Wednesday, Aug. 3, 2011 | 1:58 p.m.
- School District sees big drop in test scores (7-14-2011)
- States brace for grad rate dips as formula changes (7-27-2011)
- Effect on Nevada unclear as Obama calls for education reform (3-14-2011)
- More states defying federal gov’t on education law (7-21-2011)
The Clark County School District has been placed on a watch list as more schools failed to show enough improvement in test scores, officials said Wednesday.
The School District fell short of making “adequate yearly progress” under the federal No Child Left Behind two of the past three years. The district had made adequate progress in improving test scores last year, but failed to make progress in 2009.
Adequate yearly progress is a measure of school improvement under 2001’s No Child Left Behind. Public schools receiving federal funding must hit annual targets to bring students up to 100 percent academic proficiency in math and reading by the end of the 2013-14 school year.
This year, schools were supposed to reach 66 percent proficiency in math and 64 percent in reading.
Of the 363 schools in Clark County, 224 (61 percent) did not make adequate progress this year. The number of schools failing to show progress increased by nine from last year.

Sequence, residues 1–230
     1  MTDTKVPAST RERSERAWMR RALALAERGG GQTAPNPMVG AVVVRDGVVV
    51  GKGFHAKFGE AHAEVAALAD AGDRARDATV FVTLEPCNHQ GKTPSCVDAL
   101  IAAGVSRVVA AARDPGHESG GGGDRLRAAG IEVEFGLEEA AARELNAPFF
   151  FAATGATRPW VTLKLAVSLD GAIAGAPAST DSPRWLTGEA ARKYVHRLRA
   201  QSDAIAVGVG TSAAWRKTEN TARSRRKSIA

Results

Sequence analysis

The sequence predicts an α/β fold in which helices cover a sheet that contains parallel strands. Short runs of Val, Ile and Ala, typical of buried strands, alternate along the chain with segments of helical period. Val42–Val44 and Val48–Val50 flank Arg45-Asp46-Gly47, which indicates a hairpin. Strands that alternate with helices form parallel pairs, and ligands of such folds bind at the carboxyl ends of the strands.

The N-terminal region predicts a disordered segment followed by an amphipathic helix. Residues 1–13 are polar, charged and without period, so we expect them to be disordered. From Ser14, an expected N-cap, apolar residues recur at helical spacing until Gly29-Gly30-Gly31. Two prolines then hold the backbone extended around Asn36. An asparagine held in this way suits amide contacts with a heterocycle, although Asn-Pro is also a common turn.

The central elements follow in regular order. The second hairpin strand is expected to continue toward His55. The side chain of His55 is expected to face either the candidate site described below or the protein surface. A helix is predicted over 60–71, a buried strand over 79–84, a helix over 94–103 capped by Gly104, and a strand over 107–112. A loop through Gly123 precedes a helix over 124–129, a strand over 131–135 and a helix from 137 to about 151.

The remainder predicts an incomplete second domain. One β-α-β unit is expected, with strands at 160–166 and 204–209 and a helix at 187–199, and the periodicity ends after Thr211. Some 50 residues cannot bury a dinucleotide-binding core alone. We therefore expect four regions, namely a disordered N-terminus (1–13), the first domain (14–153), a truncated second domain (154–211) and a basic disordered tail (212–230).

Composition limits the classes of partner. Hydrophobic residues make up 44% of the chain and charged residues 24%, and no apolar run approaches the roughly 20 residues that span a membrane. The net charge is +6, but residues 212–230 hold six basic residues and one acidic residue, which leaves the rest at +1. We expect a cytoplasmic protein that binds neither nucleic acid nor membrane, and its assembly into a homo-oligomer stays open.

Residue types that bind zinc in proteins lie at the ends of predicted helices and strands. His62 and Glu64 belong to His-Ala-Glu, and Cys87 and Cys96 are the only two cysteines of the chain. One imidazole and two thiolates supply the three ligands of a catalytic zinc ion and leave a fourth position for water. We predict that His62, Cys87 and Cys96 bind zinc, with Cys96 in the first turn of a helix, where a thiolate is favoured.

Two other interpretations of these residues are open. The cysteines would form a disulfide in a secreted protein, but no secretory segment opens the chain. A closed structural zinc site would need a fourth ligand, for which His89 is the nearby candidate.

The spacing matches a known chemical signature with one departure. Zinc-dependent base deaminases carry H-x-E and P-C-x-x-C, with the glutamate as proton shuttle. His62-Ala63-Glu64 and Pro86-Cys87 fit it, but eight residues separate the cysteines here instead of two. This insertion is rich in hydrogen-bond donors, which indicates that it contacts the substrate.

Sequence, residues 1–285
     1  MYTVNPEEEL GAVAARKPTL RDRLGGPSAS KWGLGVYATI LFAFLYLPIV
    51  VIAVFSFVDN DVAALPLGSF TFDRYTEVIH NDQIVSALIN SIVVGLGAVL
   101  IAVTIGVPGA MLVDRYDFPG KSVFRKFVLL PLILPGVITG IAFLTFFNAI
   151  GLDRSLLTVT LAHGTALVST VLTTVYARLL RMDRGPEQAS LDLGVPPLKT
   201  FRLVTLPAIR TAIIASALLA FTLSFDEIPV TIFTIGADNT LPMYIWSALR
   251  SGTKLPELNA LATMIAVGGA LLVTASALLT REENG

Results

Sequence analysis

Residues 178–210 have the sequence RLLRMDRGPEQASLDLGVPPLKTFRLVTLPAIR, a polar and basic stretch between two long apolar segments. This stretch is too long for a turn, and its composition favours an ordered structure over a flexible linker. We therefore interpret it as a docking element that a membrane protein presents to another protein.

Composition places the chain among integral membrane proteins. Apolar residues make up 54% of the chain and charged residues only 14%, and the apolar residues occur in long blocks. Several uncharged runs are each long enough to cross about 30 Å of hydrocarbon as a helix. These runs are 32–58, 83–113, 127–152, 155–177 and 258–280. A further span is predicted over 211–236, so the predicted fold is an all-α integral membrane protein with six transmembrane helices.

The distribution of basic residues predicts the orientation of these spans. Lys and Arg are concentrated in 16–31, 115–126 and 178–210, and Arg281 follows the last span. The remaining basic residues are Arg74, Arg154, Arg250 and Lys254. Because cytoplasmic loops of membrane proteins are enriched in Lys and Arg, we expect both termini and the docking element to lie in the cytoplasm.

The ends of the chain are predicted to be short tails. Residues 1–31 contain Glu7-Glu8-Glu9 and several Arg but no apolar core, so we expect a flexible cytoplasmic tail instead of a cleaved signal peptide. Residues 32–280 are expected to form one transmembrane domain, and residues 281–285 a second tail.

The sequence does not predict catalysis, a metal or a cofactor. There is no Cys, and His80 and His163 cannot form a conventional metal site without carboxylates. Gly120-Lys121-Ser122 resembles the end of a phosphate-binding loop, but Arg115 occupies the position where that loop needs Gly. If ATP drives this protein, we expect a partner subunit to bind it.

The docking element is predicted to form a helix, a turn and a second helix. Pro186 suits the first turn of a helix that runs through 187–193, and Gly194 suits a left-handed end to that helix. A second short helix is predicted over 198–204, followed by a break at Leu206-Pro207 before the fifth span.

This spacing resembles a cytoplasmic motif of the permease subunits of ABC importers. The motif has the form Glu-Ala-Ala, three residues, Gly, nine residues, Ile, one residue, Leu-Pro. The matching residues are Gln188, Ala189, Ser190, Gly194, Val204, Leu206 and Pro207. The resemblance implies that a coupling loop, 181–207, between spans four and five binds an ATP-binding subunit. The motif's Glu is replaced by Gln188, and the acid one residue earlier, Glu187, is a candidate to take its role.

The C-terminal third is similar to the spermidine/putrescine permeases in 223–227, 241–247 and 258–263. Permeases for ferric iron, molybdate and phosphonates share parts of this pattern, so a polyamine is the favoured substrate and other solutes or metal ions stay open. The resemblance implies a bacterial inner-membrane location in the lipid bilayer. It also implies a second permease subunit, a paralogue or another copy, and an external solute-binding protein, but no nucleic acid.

Under No Child Left Behind, schools have to demonstrate achievement in 45 categories, such as graduation rates, socioeconomic status and academic achievement among students broken down by ethnicity, special education status, limited English proficiency and those qualifying for free and reduced-price meals.
Failure to show improvement on any one of the categories results in not making “adequate yearly progress.” This all-or-nothing policy has become a source of frustration for educators, School Board members said.
District officials attributed its lack of adequate progress to higher testing standards in reading, which lowered test scores this year by up to 30 percentage points.
Adequate progress may become more elusive over the next two years, as the School District starts using a higher testing standard in math and a more accurate way to measure graduation rates, which might lower its rates by 15 percent or more.
As standards rise, more and more schools across the country may be classified as failing under No Child Left Behind. Pressure to meet standards has been blamed for high-profile cheating investigations in Atlanta and Washington, D.C.
Many education leaders — including Education Secretary Arne Duncan — have said meeting a 100 percent proficiency goal in math and reading by 2014 is unrealistic, calling for reforms to the law. Some states are beginning to ask for waivers to skirt the goal, pending the law’s reauthorization, and at least three states have vowed to just ignore meeting federal benchmarks.
This month, Nevada will implement a new standard to measure academic progress called the growth model, which will measure each student’s growth instead of focusing on an annual test score. Nevada joins 18 other states using the model, including Colorado, where Superintendent Dwight Jones helped spearhead the model’s development.
“We see the growth model as the wave of the future,” said Pedro Martinez, the deputy superintendent of instruction. “Annual Yearly Progress is a one-year measure, and it’s either you did it, or you didn’t. The growth model is a much more comprehensive measure.”